Survival cannibalism is generally viewed as regrettable but permissible. Only psychopathological cannibalism and non-consensual consumption of human flesh from a living person are wrong.
If cannibalism means eating the flesh of your own species then many people around the world commonly practice cannibalism when they eat human placentas. If there is nothing intuitively outrageous about eating placentas then there is nothing intuitively outrageous about cannibalism.
Some cultures perform ritualistic cannibalism as a part of burial ceremonies. Others for medicinal purposes. In these cultures, eating dead humans is considered appropriate on some occasions – even the respectful way to honor human dignity.
Eating human muscle tissues grown in cell cultures would neither cause harm nor violate rights. Eating in vitro human meat is morally permissible.
Arguments against Cannibalism
Eating another human being is categorically wrong. Cannibalism violates human dignity and is always wrong.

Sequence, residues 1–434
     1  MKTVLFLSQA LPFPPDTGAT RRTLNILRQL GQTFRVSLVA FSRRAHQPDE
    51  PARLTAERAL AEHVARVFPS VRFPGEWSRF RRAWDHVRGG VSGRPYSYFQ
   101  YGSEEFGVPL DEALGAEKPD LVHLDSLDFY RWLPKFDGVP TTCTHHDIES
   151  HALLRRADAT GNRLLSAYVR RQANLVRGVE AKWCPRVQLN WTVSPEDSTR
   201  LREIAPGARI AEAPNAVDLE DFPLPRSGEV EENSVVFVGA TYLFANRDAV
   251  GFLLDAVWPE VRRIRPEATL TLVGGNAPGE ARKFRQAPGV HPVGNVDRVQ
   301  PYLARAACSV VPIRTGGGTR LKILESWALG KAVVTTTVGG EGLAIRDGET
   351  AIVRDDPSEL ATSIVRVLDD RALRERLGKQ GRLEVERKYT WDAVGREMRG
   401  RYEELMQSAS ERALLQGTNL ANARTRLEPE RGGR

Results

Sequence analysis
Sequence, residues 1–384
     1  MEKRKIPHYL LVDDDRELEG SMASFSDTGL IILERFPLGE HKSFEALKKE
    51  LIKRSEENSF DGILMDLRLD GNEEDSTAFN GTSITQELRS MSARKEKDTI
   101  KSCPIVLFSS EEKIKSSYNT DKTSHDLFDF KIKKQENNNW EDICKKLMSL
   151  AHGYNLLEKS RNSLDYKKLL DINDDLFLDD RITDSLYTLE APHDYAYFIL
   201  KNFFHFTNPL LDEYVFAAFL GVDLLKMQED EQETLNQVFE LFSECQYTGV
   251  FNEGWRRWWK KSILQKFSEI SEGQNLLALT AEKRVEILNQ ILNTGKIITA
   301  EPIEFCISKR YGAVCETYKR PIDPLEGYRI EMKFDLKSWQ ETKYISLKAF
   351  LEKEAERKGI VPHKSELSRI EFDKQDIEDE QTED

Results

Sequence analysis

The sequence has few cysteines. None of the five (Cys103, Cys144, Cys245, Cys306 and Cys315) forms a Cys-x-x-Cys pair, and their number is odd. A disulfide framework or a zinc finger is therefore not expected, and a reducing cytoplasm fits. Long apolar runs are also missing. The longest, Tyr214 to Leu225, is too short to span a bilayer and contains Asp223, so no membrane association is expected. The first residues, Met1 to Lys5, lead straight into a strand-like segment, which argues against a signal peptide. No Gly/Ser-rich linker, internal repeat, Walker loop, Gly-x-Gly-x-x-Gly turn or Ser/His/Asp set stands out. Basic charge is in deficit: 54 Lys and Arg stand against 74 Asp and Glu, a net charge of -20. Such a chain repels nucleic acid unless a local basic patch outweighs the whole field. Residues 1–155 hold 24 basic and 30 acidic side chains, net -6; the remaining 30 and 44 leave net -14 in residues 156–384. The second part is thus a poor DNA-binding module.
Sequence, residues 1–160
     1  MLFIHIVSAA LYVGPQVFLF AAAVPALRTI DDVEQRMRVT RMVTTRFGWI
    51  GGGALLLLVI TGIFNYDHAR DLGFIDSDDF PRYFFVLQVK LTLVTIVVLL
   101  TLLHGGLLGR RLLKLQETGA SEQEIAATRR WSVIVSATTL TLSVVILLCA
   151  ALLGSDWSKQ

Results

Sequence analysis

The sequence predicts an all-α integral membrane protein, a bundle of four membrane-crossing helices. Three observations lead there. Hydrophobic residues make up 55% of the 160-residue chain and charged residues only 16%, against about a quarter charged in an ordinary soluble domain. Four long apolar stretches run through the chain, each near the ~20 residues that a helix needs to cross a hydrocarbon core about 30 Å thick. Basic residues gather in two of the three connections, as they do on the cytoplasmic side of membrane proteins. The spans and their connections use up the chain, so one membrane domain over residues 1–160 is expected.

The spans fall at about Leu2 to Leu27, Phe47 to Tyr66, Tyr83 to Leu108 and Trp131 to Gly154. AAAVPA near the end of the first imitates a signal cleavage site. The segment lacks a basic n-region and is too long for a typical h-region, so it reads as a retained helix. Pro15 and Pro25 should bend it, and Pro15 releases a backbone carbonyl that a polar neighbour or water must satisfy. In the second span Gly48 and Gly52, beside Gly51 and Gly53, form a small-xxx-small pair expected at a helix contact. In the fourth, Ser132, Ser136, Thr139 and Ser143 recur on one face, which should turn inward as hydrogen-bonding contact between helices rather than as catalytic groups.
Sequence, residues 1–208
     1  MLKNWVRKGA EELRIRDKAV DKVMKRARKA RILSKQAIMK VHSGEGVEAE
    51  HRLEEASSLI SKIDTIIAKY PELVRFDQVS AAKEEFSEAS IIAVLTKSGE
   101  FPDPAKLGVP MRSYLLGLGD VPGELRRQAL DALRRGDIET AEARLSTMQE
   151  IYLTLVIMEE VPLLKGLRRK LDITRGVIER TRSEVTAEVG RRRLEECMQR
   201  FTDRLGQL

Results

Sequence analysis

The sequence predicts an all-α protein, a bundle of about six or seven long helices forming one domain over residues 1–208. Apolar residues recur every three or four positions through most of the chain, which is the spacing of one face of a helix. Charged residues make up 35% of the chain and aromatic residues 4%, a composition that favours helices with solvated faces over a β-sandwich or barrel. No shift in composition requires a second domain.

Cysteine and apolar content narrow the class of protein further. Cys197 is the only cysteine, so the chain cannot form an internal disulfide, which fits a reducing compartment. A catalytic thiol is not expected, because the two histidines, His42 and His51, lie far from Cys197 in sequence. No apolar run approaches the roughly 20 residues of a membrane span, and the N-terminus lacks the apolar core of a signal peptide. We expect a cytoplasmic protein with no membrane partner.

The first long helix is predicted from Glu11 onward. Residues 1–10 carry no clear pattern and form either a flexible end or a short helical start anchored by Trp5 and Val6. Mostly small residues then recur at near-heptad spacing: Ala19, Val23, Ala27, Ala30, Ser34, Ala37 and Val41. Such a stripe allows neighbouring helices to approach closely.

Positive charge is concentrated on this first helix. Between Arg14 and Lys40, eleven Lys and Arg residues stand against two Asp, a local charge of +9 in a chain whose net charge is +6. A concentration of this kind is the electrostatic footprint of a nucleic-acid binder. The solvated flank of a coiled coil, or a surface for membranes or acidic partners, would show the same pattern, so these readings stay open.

Humans instinctually do not eat other humans. It fills most of us with horror and revulsion. Like incest, cannibalism is something people reject as repugnant but have a hard time giving good reasons why.
According to instinct and tradition, cannibalism is viewed as morally wrong, even when there are no bad consequences. Instinct and tradition in this case are a reliable guide. Cannibalism is at best highly inappropriate if not universally offensive.
Cannibalism devalues human life. If we regularly ate our dead we might come to see humans as no different than animals. To devalue human life would potentially produce bad long term consequences. It is therefore wrong to eat humans.
There are other victimless things we can do with the dead that we usually consider wrong and inappropriate (and often illegal), such as having sex with the dead, taking their possession, mixing up their cremated ashes, reading their private correspondences solely for pleasure, dancing on graves.
Living persons care about their fate after they die. If eating the deceased violates their expressed (or tacit) desire not to be mutilated or defaced then it is disrespectful of one’s legitimate expectation and wrong to violate their trust.